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The Saint Anselm Crier

The student news site of Saint Anselm College

The Saint Anselm Crier

The student news site of Saint Anselm College

The Saint Anselm Crier

CFO Furlong emphasizes college ‘not in a financial crisis’

High ranking members of the administrative team of the college claim that the budget cut is not a panic move and that Saint Anselm College remains in “good financial standing.”

In an ever-competitive higher education industry, Saint Anselm College finds itself in the middle of a heated battle for student enrollment. In the last calendar year, Saint Rose College in Albany, NY and Magdalen College here in New Hampshire have both officially announced their closures at the end of the school year. “We are in a better financial position than Saint Rose, but their ultimate demise was caused in part by the extremely competitive market of higher education,” said Bill Furlong, the Chief Financial Officer of the college. 

Of the $5 million looking to be cut, roughly $2 million is going to be taken from academic instruction, according to Dr. Sheila Liotta, the Vice President of Academic Affairs. While no official plans have been set in place, some restructuring of the core curriculum and first-year experiences, such as Conversatio, could be part of these cuts. Dr. Liotta affirms that, as of now, layoffs beyond the early buyout offers for faculty members are not in the picture. “We will likely strategically replace a number of them (professors opting for the buyout), but the majority will not be. As of now, there are absolutely no plans for layoffs, however.” 

The decision for the college to begin addressing the budget has been anticipated and data-driven, according to Dr. Liotta. “We have been aware of the nature of the business and are taking all the steps necessary to remain stable,” she said. “Are we rich, no. But are we stable, yes.” Dr. Liotta says that all the decisions being made stem from data the college has been collecting for years about the changing demographics of students looking to attend small liberal arts colleges and the increasing cost of maintaining a high standard of education and campus life.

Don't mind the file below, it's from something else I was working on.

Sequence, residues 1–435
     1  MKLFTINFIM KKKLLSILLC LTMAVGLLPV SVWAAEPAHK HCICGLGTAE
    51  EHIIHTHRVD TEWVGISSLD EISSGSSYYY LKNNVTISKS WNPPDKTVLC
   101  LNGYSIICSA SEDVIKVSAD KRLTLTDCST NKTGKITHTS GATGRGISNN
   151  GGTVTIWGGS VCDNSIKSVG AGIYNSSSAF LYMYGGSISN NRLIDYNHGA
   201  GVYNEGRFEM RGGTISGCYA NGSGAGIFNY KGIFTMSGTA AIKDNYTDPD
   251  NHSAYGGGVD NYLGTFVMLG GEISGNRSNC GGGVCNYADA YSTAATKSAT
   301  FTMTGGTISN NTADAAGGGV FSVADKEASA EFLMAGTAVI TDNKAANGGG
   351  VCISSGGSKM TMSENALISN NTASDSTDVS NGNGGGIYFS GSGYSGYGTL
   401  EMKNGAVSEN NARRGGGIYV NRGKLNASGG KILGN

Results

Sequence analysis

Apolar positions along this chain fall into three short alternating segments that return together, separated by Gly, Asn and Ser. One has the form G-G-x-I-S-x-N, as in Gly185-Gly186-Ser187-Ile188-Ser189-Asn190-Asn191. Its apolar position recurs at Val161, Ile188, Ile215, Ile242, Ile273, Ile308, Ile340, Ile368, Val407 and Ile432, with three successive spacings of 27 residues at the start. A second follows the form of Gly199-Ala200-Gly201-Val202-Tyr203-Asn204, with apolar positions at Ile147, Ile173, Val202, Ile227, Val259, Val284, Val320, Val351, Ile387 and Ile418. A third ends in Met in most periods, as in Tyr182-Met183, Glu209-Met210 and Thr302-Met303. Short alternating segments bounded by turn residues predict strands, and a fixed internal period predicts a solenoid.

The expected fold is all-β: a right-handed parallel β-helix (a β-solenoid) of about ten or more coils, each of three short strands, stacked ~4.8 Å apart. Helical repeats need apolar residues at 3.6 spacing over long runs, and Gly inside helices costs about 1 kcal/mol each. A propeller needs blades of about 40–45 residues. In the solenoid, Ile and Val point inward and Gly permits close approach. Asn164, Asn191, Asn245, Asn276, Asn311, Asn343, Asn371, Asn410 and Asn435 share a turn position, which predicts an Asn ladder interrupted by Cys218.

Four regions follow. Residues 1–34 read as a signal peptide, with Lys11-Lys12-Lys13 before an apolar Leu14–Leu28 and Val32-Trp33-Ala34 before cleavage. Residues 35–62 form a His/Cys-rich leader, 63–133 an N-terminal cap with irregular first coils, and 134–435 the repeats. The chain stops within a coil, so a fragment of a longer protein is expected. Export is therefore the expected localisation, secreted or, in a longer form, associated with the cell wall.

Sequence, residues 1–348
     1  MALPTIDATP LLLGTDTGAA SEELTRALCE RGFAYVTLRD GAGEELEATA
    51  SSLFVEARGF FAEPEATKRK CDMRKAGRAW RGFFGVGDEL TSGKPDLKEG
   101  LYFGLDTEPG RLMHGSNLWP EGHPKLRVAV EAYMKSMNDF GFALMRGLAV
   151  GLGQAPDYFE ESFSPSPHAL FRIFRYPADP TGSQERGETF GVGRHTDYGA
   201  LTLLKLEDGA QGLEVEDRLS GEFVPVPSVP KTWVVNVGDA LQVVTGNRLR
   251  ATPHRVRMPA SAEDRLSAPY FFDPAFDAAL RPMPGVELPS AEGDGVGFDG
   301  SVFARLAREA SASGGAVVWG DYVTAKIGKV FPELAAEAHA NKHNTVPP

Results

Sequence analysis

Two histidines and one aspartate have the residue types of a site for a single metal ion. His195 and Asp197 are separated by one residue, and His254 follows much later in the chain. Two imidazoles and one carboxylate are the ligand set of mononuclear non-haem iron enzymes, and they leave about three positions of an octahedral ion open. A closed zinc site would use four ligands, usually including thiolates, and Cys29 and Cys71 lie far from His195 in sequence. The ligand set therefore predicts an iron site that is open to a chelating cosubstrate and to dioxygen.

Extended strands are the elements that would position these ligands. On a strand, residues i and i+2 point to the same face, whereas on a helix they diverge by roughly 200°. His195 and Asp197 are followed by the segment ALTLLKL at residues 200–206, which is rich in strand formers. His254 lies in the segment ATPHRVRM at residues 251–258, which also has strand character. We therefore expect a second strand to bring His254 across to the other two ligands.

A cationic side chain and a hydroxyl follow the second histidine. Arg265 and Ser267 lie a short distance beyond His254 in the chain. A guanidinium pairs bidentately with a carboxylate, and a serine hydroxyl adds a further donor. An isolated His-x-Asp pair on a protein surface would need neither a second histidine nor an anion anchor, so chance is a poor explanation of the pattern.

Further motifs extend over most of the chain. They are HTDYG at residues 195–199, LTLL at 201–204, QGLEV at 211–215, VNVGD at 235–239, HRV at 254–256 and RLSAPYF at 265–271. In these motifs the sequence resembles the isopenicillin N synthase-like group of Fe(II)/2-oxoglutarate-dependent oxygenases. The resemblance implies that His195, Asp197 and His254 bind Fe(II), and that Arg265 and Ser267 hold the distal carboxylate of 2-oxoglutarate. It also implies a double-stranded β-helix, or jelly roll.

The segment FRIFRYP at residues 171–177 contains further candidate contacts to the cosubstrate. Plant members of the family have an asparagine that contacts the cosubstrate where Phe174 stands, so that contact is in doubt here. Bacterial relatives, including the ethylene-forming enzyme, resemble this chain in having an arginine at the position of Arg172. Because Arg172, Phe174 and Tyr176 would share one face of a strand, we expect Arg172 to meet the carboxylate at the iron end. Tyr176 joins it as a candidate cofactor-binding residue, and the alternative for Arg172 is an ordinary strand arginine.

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One factor that goes into these decisions is the anticipated “demographic cliff” that has been affecting college campuses. This idea is based on the idea that families were choosing to not have as many children during the financial crisis of 2008-2009, limiting the overall pool of students graduating from high school and looking to continue their academic careers in the coming years. “We are anticipating this demographic cliff idea,” Liotta said. “ In 2008-2009 a lot less kids were born due to the recession and we have been expecting that for a long time. All the schools around here are going to be competing for the same smaller pool of applicants.” Furlong goes along with this sentiment saying, “As we look towards the future, we know that the number of students expected to graduate high school, particularly in the Northeast, starts to decline in 2026 and this trend continues for nearly a decade.  Inaction is not an option.”

Members of the college administrative team have been adamant in saying that these cuts are not in response to any outside factor and are being made in a strategic manner. ‘We are moving with urgency,” Furlong said. “At the same time, we are taking thoughtful and deliberate steps throughout the process,” he continued. Some of the strategic planning that has gone into effect through the academic lens includes the creation of two new buildings. The college introduced the Gregory J. Gappone Humanities Institute last year and construction is underway for one of the college’s more popular academic programs, the Jean School of Nursing and Health Sciences. “Since I’ve been here we’ve always had strategic priorities,” Dr Liotta said. “The institute of nursing and health sciences is in no way correlated to the budget cuts we are going through now and anticipating in the coming years.” 

The administrative team of Saint Anselm College has been working closely together throughout the past few months and will continue to hold discussions about the cuts that will soon be coming. In spite of the urgent nature of this process, the college remains adamant in saying these cuts are no sign of financial distress or failure and are being done as a measure to ensure the longevity and prosperity of the college both financially and in the strong reputation of being a Benedictine, liberal arts college. 

The college is aware of the potential stress this puts on the faculty and other members of the college community. Faculty members have been invited to several meetings and forums to discuss opportunities where each department can find creative and creative ways to save money, according to Vice President Liotta. In a similar spirit, Furlong expressed his gratitude to others during this process. “We sincerely appreciate the efforts of the many members of our community working to achieve our goal. We believe this difficult work will strengthen Saint Anselm College for the future,” he said.

College President Joseph Favazza. (Courtesy/Saint Anselm College)
Bill Furlong, Chief Fiance Officer. (Courtesy/Saint Anselm College )

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    Dick BurkeFeb 20, 2024 at 12:28 pm

    Did I miss the paragraph as how to raise non tuition revenue , increase endowment and to decrease the tuition discount ?